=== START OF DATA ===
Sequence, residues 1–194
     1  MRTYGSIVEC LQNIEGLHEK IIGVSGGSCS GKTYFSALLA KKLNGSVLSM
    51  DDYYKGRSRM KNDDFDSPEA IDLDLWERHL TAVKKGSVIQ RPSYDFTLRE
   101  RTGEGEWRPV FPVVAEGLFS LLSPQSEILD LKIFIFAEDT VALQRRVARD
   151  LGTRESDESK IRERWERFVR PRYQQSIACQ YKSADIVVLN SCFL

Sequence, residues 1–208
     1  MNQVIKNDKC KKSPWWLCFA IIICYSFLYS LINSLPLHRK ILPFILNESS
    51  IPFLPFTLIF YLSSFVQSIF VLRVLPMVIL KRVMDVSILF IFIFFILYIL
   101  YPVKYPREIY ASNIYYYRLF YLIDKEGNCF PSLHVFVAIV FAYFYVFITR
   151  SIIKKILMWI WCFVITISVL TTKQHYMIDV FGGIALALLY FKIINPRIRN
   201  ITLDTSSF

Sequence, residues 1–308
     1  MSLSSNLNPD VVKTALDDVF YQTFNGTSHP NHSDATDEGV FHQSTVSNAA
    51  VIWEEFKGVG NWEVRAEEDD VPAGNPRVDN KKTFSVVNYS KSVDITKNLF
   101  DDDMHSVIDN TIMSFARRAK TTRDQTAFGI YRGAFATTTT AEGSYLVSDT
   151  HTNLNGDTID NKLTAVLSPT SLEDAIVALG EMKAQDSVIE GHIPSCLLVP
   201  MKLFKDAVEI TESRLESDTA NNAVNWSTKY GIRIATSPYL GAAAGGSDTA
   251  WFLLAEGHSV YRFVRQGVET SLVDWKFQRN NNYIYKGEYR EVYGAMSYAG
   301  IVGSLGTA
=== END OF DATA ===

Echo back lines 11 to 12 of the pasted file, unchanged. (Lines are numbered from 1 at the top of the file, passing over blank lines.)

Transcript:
   201  ITLDTSSF

Sequence, residues 1–308